Women’s International Perspective hosted its first ever speaker panel on Friday April 4, 2008, at the Monterey Institute of International Study. The organization, barely one year old at the time of the event offers a woman’s perspective of violence against women and children around the globe.
Joyce Laker, a human rights worker and women’s advocate in Uganda shared her experiences about violence against women and children. Uganda, known for its child soldiers has been riddled with violence and conflict for decades. Forced to join the armed resistance of the Lord’s Resistance Army, children as young as ten years old are often forced to kill their own parents first, to sometimes drink their blood or cannibalize their bodies, and then enter into a never ending cycle of violence.
As sociologist and scholar Riane Eisler points out, violence against women and children around the world is actually, “normal,” and calls it, “the most ubiquitous human rights violation in the world.” As evidenced by Joyce Laker’s experience in Uganda, Riane Eisler’s point carries great weight.
Joyce Laker shared alarming statistics representing reported sexual violence. Throughout Uganda, anywhere from 26 to 52 percent of the female population has experienced sexual violence. However, as Laker points out, these numbers are likely not accurate as the reporting and investigation of a rape for women is costly and tedious at its best, and further degrading at its worst. Women are forced to pay police to conduct the investigations at the rates of 3.00 for the police to come and take the report, 10.00 to provide transportation for the police to come take the report and 20.00 to provide transportation for the perpetrator to the police station.
These human rights violations and atrocities are rarely, if ever reported in United States mainstream media and do not gain the attention they deserve. As American media outlets and politicians continue to ignore developments in Africa, the Bush Administration has dramatically ramped up the militarization of the continent since 2002, flushing the area with over $130 million dollars in military sales, financing, and training expenditures for what the US considers strategic for the “war on terror.”
However, as the think tank Foreign Policy In Focus rightly queries, the fundamental question for many is whether the US will utilize this increased military presence to support freedom, self determination, growth, prosperity, and accountability on behalf of the majority of nearly one billion people in Africa or if this new initiative will instead serve to oversee surrogate nations whose leadership is accountable first to U.S security and economic interest. (Gerald Le Melle, “Africa Policy Outlook 2008,” (Waahsington, DC: Foreign Policy In Focus, February 7, 2008).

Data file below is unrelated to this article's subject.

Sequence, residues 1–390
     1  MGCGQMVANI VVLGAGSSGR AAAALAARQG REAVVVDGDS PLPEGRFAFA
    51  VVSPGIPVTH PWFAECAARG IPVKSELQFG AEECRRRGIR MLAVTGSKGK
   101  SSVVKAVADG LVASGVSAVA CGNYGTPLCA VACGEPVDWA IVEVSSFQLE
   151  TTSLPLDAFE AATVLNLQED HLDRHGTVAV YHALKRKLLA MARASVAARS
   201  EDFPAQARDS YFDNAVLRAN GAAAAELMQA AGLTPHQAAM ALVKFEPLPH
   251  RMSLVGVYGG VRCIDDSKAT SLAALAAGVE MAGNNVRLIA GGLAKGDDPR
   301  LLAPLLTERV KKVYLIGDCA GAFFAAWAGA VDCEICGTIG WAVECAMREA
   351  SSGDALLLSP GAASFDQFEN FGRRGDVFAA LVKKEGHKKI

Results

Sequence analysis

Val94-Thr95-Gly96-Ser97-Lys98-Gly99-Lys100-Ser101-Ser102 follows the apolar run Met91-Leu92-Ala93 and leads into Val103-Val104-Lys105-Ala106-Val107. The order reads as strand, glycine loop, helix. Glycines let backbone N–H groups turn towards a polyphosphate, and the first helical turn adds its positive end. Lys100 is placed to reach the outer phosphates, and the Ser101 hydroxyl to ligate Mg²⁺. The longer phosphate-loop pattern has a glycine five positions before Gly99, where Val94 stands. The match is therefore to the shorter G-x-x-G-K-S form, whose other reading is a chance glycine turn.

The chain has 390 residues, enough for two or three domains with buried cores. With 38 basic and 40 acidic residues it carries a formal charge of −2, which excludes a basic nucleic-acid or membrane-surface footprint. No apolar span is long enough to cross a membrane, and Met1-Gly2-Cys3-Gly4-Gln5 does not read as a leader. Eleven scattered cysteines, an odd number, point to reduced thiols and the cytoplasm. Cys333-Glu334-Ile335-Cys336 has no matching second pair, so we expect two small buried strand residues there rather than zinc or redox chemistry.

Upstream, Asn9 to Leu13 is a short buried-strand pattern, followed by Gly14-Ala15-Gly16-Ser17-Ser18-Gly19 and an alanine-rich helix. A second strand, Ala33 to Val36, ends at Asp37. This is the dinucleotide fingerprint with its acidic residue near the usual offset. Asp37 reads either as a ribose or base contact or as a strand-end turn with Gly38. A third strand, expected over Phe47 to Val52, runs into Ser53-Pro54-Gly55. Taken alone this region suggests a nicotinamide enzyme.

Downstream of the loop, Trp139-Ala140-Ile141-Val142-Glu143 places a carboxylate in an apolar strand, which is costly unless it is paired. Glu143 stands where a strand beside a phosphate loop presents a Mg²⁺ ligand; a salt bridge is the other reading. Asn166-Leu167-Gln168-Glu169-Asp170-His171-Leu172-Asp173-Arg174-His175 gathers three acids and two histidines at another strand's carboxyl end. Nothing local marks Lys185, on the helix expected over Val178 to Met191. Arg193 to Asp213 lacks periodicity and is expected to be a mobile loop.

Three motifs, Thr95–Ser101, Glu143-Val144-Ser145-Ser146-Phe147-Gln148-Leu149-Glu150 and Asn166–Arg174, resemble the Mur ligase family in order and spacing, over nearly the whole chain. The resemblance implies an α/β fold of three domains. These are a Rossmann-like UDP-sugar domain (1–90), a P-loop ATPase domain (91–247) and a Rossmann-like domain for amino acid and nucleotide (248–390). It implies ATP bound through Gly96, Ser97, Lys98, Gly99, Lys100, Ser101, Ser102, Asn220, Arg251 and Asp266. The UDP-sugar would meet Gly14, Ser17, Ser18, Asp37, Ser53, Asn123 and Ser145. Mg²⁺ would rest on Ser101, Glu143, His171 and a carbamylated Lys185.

Under the Bush administration, AFRICOM’s (Africa Command) structure would “place humanitarian work previously done by the State Department and the U.S. Agency for International Development under the directive of the Department of Defense.” (Le Melle 2008) As evidenced by circumstances on the ground in Iraq, Afghanistan, and numerous countries around the globe, US interests rarely coincide with human rights, the sickness of the global society in regards to the rights of women and children around the globe should determine which countries the US does and does not call an ally.
As Le Melle points out in the Africa Policy Outlook conclusion, “Despite being the most stretched out campaign in American history, the 2008 presidential election is marked by the typical absence of any serious discussion of Africa. It is as if Africa has already been ceded to the Department of Defense and therefore out of the view of the American public. In contrast with the accelerating militarization of the U.S Africa relations described above, this silence is deafening.”